A couple of days ago, I wrote a post slamming the Pope for his muddled thinking on the nature of salvation. Well, this morning, I ran across the above article entitled “Why Christianity Should be Patron of the Arts,” written by a Catholic apologist named Barbara Nicolosi. Although she writes about her struggles with the Catholic version of church, her complaints can be universally applied, I think, to most all of Christianity. Reading this article, I found myself thinking that if I were a Catholic, I could have written it, because so much of what she says, I have felt for years.
I will not here lay out her entire case. That’s why I provide the above link. This is an argument that you need to read in its entirety, if you’re interested, to form your own judgment. But one thing she said practically jumped off the page.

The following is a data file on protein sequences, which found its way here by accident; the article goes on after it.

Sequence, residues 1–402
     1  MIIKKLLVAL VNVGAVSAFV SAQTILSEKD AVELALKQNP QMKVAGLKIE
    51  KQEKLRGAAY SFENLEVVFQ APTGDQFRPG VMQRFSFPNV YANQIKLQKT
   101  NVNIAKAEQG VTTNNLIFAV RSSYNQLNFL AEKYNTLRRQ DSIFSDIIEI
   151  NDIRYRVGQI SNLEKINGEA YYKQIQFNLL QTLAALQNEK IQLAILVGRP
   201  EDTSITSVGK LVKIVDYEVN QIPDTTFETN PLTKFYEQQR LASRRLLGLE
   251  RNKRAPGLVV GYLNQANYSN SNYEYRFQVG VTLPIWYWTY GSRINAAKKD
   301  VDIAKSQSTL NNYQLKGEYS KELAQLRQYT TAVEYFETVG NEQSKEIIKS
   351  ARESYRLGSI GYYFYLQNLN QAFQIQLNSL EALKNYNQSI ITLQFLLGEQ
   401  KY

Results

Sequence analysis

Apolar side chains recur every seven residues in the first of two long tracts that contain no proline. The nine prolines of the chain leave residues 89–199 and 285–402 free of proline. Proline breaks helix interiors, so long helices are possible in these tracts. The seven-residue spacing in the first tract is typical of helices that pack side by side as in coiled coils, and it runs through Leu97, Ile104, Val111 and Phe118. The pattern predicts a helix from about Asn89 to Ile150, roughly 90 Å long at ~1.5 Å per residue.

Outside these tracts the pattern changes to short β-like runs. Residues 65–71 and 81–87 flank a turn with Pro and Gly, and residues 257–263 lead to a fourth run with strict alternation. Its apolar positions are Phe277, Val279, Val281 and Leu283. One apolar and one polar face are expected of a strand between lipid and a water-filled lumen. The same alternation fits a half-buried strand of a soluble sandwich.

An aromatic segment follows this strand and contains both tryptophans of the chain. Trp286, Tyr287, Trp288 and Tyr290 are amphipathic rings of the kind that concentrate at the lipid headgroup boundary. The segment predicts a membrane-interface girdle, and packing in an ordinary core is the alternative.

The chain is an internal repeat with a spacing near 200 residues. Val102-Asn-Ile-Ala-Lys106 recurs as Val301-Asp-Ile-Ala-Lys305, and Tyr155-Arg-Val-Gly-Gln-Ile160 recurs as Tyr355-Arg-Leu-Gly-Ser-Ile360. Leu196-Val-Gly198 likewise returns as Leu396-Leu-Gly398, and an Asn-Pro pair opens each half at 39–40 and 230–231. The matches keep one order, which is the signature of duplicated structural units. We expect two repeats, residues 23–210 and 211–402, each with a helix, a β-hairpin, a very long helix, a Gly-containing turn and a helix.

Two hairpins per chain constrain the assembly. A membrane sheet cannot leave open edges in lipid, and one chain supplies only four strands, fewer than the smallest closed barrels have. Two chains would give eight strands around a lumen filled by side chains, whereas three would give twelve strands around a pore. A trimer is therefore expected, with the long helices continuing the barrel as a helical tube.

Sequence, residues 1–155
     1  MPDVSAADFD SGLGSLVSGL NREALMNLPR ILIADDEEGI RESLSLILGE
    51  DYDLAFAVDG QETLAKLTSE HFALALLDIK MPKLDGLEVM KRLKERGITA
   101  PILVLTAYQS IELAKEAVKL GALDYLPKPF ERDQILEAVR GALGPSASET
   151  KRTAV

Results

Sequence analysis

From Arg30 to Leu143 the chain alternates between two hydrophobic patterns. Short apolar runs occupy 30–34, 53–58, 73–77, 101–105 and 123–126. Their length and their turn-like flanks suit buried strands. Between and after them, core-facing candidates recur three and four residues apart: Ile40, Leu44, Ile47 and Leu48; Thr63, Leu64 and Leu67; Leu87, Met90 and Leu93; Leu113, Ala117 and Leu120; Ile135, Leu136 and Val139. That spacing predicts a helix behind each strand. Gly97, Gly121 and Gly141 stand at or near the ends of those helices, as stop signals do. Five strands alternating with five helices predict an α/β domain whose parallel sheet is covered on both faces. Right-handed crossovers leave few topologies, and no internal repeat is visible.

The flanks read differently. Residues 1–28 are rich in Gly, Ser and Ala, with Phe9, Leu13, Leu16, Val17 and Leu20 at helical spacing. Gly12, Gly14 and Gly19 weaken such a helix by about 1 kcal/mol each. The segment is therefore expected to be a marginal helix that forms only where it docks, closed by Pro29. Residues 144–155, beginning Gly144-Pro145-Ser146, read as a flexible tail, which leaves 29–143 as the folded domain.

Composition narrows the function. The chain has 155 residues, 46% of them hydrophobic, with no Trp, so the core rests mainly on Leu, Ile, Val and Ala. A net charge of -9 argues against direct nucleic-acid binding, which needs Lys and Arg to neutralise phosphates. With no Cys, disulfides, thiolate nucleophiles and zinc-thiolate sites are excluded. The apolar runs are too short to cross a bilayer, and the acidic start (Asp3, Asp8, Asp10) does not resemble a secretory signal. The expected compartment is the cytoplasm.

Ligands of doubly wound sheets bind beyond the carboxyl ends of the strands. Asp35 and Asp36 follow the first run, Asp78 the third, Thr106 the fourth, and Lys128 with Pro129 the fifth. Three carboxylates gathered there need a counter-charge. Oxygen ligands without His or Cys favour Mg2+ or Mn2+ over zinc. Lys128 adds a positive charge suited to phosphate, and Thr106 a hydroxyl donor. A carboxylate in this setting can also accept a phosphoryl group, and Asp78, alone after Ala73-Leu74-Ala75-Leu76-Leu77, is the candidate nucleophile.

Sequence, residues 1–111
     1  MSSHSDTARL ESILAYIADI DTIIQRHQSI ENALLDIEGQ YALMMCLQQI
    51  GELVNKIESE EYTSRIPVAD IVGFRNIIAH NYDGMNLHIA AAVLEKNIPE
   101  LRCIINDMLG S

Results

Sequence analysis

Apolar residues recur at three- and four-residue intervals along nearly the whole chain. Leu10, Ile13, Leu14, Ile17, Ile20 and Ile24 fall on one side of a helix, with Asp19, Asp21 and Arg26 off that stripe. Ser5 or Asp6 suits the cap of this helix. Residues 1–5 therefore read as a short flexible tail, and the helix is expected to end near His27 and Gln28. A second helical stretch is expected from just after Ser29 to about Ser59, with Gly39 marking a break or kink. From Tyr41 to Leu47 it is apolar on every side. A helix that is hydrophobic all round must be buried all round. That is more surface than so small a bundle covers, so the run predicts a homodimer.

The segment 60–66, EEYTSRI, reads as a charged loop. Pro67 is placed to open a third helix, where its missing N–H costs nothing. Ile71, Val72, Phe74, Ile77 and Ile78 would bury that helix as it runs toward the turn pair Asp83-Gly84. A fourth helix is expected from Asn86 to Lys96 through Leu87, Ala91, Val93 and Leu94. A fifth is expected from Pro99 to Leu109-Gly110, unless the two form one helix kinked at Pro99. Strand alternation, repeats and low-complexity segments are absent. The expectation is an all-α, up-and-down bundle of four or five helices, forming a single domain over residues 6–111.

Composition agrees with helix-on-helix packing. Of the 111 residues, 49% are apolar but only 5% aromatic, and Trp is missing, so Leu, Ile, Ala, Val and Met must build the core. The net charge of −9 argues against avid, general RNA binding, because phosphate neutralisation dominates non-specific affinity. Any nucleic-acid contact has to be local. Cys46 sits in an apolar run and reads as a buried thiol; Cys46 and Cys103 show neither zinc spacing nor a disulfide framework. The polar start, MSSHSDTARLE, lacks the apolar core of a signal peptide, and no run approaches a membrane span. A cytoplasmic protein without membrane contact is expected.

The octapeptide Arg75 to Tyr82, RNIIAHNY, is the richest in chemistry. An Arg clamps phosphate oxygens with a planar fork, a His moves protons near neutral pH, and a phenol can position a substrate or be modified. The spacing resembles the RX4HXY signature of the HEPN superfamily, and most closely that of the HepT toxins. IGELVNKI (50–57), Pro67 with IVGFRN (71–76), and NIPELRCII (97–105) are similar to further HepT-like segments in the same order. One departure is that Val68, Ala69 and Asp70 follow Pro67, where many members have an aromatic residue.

Too many churches are not an ante-chamber of heaven in their interiors, but instead are ugly, drooping, often “in the round” spaces calculated to distract us not by the Divine, but by each other. Banal banners and signs, plastic or half-hearted flowers, filthy carpets, stained ceilings, and ugly oak pews with the varnish half gone. There is truly, nothing to look at, never mind by which to be inspired.
What she is describing is that strange melancholy that comes over me every time I walk into most church buildings, an unnamed disappointment that I feel at the ordinariness of it all. The architecture is about as far away from majestic as humanely possible. Yes, I know, that one can have an encounter with God in a barn, but why must the place where we are meant to have weekly encounters with him be so pedestrian?Anyway, give this article a read and let me know what you think.